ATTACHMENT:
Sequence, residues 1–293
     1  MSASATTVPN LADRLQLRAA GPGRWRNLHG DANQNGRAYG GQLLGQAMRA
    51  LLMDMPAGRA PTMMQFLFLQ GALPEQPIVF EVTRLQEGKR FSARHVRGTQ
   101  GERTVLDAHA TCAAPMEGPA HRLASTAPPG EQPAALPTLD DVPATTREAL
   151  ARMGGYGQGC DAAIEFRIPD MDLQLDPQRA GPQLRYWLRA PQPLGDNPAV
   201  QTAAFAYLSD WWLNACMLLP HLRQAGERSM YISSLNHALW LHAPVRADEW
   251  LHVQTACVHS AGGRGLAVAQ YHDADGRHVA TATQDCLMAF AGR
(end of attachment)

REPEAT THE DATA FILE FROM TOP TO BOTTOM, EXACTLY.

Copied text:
Sequence, residues 1–293
     1  MSASATTVPN LADRLQLRAA GPGRWRNLHG DANQNGRAYG GQLLGQAMRA
    51  LLMDMPAGRA PTMMQFLFLQ GALPEQPIVF EVTRLQEGKR FSARHVRGTQ
   101  GERTVLDAHA TCAAPMEGPA HRLASTAPPG EQPAALPTLD DVPATTREAL
   151  ARMGGYGQGC DAAIEFRIPD MDLQLDPQRA GPQLRYWLRA PQPLGDNPAV
   201  QTAAFAYLSD WWLNACMLLP HLRQAGERSM YISSLNHALW LHAPVRADEW
   251  LHVQTACVHS AGGRGLAVAQ YHDADGRHVA TATQDCLMAF AGR